Colonowares of the Apalachee Province of La Florida
Author(s): Ann Cordell
Colonowares of the Apalachee Province of La Florida consist of plain and red painted pottery made in European vessel shapes by Apalachee potters between 1650 and 1702. This pottery, also known as “copy wares” or “mission ware,” represents hybrid products of transculturation that show elaboration or syncretization, in which newly introduced European vessel shapes provided the inspiration for vessels made by Apalachee potters using traditional materials and methods. Typical colonoware vessel forms at San Luis include brimmed plates and bowls with foot-ring bases, cups, pitchers, and storage jars with handles, candlestickholders, and long-handled skillet forms. It is presumed that this pottery was made at the instigation of the Spanish missionaries to supplement imported Hispanic-tradition tablewares that may have been in short supply. Vessel form distinguishes this pottery from most other colonowares from British colonial sites and Spanish colonial Hispaniola. Studies of colonowares from Mission San Luis de Talimali in Florida show that there is continuity with traditional Apalachee pottery in terms of indigenous materials and manufacturing techniques. This colonoware potting tradition was carried on when many San Luis Apalachee residents fled to Old Mobile in French colonial Louisiana in 1704.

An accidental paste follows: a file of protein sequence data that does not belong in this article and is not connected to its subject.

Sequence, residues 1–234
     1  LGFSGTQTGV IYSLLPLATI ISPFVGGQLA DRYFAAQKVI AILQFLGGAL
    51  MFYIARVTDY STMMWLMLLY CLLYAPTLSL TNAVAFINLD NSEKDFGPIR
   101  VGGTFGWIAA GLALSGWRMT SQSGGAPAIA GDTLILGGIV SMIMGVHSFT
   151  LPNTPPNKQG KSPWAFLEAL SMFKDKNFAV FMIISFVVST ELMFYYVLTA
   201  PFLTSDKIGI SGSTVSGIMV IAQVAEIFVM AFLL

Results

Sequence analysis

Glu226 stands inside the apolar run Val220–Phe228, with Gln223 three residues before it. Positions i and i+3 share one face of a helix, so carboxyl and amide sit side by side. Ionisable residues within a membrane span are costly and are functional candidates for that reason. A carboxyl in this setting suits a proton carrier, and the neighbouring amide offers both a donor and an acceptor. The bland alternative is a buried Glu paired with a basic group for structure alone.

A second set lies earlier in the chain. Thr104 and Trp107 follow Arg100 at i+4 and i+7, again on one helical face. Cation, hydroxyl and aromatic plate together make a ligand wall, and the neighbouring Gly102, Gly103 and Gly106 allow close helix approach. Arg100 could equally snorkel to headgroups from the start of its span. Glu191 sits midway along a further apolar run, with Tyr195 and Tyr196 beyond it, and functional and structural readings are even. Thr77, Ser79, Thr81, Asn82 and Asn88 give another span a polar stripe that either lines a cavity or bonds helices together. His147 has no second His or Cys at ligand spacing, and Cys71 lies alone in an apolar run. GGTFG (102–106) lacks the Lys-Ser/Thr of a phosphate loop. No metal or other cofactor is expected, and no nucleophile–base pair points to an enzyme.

Cite this Record
Colonowares of the Apalachee Province of La Florida. Ann Cordell. Presented at The 81st Annual Meeting of the Society for American Archaeology, Orlando, Florida. 2016 ( tDAR id: 403793)
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min long: -91.274; min lat: 24.847 ; max long: -72.642; max lat: 36.386 ;